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Henry Mill’s patent for “Impressing Writing on Parchment”

The history of the typewriter begins with an English patent for “Impressing Writing on Parchment” which was awarded to Henry Mill in 1714. The four-age patent (offered below) contains but one sentence describing “an artificial machine or method for the impressing or transcribing of letters singly or progressively one after another, as in writing, whereby all writings whatsoever may be engrossed in paper or parchment so neat and exact as not to be distinguished from print.”

The precise function or design of this machine is not known, but the patent does appear to describe the action of a mechanical writing machine.

The Sholes & Glidden Type Writer.

For historians seeking to define the origins of the typewriter, Mill’s patent excites considerable interest. The Sholes & Glidden Type Writer, originally conceived in 1866 and introduced in 1874, was not the first mechanical writing machine. Several other machines — the Burt, the Davies, etc. — preceded it, but none effected letters “singly or progressively, as in writing.” The Sholes & Glidden did. (Yes, the Hansen Writing Ball, exhibited in Copenhagen in 1873, achieved practical and commercial success, but not nearly to the level of the Sholes & Glidden.)

Henry Mill appears to have been the first to conceptualize a mechanical writing machine like a typewriter, and his place in typewriter history is thus warranted.

In 1895, The Illustrated Phonograph World sought a copy of Mill’s patent and any illustrations or model of the machine from Author Morton, an English typewriter historian. His reply and a facsimile of the patent (four pages of mostly legal jargon) are offered below.

Here is the version as it appears in Reference Index of Patents of Invention, by Bennet Woodcroft, 1862:


Typewriter historian Robert Messenger offers a more restrained view of the Mill’s patent, writing in Propagating Typewriter Myths: Grist for the Mill, “[T]o date the evolution of the typewriter from 1714 is, I would suggest, wishful British (and all typewriter lovers’) thinking.”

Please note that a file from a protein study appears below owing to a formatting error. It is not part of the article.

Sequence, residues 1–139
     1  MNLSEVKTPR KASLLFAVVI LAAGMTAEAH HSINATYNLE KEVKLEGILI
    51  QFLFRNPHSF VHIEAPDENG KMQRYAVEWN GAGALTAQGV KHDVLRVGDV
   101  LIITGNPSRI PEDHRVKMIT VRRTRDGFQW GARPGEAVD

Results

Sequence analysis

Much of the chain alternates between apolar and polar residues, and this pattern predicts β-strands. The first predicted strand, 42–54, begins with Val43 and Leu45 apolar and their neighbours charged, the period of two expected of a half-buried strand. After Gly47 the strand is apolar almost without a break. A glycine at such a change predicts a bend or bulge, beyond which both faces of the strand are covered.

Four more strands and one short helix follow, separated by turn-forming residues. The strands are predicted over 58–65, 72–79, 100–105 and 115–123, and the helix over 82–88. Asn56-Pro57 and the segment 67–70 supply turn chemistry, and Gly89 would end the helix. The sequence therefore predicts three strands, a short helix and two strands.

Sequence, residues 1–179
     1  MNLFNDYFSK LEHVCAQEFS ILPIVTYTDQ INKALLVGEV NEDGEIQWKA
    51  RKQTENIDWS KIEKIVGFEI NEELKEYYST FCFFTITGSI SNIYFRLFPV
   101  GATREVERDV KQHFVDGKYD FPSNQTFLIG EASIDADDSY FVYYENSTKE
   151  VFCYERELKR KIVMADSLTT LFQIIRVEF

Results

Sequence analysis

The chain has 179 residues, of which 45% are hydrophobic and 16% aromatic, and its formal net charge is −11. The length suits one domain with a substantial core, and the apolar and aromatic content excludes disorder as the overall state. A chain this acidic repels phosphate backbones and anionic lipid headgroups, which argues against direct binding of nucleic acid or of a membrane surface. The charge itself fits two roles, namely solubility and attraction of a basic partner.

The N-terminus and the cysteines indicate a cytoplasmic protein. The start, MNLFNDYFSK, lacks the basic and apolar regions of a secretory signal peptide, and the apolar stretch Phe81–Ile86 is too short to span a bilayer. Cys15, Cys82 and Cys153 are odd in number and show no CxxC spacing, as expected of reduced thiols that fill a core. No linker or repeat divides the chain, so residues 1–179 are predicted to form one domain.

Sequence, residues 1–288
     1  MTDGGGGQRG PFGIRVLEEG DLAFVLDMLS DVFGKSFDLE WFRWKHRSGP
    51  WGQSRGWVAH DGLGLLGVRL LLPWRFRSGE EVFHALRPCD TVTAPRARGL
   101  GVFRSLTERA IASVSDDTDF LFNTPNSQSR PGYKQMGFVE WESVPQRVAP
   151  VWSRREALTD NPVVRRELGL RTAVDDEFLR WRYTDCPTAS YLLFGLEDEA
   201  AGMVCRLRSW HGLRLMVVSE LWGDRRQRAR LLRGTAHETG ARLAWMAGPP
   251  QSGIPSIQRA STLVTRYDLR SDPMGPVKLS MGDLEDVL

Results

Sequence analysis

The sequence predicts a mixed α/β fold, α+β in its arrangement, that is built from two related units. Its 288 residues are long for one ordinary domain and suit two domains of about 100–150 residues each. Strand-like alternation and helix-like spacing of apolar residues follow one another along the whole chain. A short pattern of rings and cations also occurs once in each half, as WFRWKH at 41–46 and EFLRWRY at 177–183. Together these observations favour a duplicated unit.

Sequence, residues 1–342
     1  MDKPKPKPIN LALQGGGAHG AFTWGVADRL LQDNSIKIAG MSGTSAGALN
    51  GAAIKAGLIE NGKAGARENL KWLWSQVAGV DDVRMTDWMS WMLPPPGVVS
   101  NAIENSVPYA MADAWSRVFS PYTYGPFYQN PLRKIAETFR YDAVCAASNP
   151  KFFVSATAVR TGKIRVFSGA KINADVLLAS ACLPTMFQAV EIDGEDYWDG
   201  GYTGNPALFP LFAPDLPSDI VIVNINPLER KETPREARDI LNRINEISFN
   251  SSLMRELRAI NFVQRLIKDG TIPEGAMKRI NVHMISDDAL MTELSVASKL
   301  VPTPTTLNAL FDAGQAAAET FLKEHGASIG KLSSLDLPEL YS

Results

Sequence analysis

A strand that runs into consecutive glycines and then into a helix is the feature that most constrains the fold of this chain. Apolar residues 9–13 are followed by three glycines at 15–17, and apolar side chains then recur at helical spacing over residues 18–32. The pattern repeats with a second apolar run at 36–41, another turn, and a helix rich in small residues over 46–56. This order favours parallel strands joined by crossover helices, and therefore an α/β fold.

He asserts that the Sholes & Glidden “had no real precedents at all.”

My own view is that the Sholes & Glidden Type Writer was the first to realize the idea of a mechanical writing machine. (In essence, I agree with Messenger: the S&G “had no real precedents…”) Michael Adler, writing in The Writing Machine, a history of the typewriter, offered that the constituent parts of the Sholes & Glidden were incorporated variously in earlier writing machines, but no single machine achieved practical success. A person can write on a Sholes & Glidden, but not so much on prior machines.

I offer that the Henry Mill patent does mark the beginning of mechanical writing, at least theoretically. Until something more is known of Mill’s invention, only guarded assertions can be offered. That said, more than a hundred years of inquiry have yielded nothing more than a single sentence describing what might possibly be a type of typewriter.

The Sholes & Glidden was that machine.1

© 2018, Mark Adams. All rights reserved.

  1. This post occassionally utilizes the Sholes & Glidden font, created by Richard Polt. []
{ 2 comments… add one }
  • Richard P December 9, 2018, 9:53 pm

    Very interesting, I hadn’t seen the full text of the patent before. There sure is a lot of verbiage following a very vague description that couldn’t possibly be patented today.

    I cannot agree that no inventions before the Sholes & Glidden “effected letters ‘singly or progressively, as in writing.'” Turri’s invention of 1808 did so, as we know from a large collection of letters written with it. The basics of the Sholes & Glidden were quite similar those of other, earlier inventions (which is not to allege that Sholes knowingly stole any ideas). Adler’s The Writing Machine is a good history that demolishes many national myths about “the” inventor of the typewriter. Adler concludes that Turri is the first typewriter inventor proven to succeed, and as far as I know, that finding remains valid.

    • Mark Adams December 10, 2018, 11:59 pm

      My idea is that no prior machine achieved “effected letters… as in writing” as effectively as the S&G, but you are right that other machines did effect writing on some practical level. I think it took the S&G to fully realize the concept of mechanical writing. I agree that Adler did dispel national myths about the inventor. The idea of mechanical writing certainly can’t be limited to any one person.

      And, yes, the full patent was interesting… but disappointing too! Really nothing more to learn, though I thought Morton’s biographical information is helpful.

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